Extra cash for strike deal to be cut from elsewhere, says Sturgeon

·3-min read

Funding used to break the deadlock in council staff pay talks will have to be cut from elsewhere in the Scottish Government’s budget, Nicola Sturgeon said, as she hinted at “really tough decisions” to be made as a result of the cost-of-living crisis.

Unions agreed to suspend planned strike action in non-teaching education roles and waste services in councils across Scotland after a new offer was made.

Unison’s Johanna Baxter said the new deal, which was made on Friday to Unison, Unite and GMB, pushed the overall pay envelope to £600 million, despite assertions by the First Minister previously that there would be no extra funding forthcoming.

Ms Sturgeon chaired marathon talks on Thursday, which resulted in the new offer.

Speaking after the suspension of the strikes, a result she said she was “very pleased” about, the First Minister said: “What we’ve said all along is true, there is no unallocated pot of money.

“So what we were able to do yesterday, because we know how important it is not have strike disruption and to give workers the best deal possible, will require us making decisions to take money from elsewhere in the budget.

“These will not be easy decisions and the deputy first minister will set out detail of that to Parliament in the coming days.”

The First Minister went on to say that difficult spending choices will be the “hallmark of the next period” for government.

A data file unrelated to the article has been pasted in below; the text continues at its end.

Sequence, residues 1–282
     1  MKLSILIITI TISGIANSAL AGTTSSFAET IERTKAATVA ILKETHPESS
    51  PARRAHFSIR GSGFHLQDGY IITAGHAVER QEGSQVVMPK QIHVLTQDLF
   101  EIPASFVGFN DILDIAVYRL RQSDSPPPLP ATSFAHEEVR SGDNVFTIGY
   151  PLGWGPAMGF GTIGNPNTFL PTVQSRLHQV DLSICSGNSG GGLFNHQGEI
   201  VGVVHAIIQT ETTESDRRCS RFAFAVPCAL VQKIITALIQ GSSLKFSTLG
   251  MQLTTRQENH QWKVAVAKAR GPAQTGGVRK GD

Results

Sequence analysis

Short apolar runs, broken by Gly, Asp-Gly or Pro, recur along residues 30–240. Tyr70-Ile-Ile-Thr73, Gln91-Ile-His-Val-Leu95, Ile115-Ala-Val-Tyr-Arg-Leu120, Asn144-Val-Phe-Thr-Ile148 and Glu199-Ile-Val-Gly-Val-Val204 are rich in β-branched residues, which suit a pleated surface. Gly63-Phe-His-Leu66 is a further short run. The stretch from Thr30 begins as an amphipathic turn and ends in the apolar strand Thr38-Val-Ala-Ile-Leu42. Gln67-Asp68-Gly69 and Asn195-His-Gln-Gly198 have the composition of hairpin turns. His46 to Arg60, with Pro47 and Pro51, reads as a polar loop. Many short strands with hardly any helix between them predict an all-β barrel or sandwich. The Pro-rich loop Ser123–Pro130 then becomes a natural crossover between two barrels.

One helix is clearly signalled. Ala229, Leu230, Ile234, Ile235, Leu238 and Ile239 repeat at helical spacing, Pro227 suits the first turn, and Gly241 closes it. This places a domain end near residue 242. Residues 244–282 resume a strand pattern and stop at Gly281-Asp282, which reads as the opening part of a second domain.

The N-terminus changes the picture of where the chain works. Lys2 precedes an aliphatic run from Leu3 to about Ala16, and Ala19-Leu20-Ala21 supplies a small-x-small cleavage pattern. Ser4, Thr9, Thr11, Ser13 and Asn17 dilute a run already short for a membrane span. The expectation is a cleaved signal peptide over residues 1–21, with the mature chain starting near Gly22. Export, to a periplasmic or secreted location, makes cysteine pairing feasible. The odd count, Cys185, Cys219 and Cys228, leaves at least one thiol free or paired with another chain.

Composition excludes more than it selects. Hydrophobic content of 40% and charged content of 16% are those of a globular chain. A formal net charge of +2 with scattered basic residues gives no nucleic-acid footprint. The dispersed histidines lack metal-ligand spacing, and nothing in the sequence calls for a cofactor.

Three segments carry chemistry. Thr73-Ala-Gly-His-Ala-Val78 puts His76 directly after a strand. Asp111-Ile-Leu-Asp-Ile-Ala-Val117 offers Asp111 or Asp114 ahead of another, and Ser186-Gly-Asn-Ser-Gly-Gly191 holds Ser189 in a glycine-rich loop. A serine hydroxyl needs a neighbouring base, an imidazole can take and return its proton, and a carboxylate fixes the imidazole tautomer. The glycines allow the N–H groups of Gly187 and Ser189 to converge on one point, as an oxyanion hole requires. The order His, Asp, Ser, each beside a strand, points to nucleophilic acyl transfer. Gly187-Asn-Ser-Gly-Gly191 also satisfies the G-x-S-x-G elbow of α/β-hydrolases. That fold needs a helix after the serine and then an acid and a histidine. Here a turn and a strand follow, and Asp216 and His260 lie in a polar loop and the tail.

She added: “As we try our best within a fixed, finite budget that is not rising with the rate of inflation, as we try our best to help people who need it most, we’re going to have to take really tough decisions.

“So there is no bottomless pit of money, we’re going to have to make choices about how we target our resources to help people who need it most.”

Ms Sturgeon urged the UK Government to “do its job” by freezing energy bills, providing more funding for struggling people and giving “devolved governments more wherewithal within our budgets to protect public services and public sector workers”.

Ahead of the new Prime Minister taking office on Tuesday, she said: “My very clear message to the incoming prime minister next week is get to work quickly and start taking the decisions that people across the UK desperately need to be taken.”

When asked if the increased offer could set a precedent for other unions looking to increase members’ pay, she said: “I want to give every public sector workforce the fairest possible deal we can.”

“I’m not like the Tory Government who thinks it’s a good thing to try to avoid giving workers fair pay rises.

“I want to give workers fair pay rises – they need them and they deserve them.

“Within the finite resources we’ve got, we will seek to negotiate fairly with all public sector workforces.

“It’s not always the Scottish Government that’s in the lead position but we will do our best to deliver fair pay deals.

“Because that’s good for workers, but actually having a public sector that is working properly, delivering services, is good for the whole country.”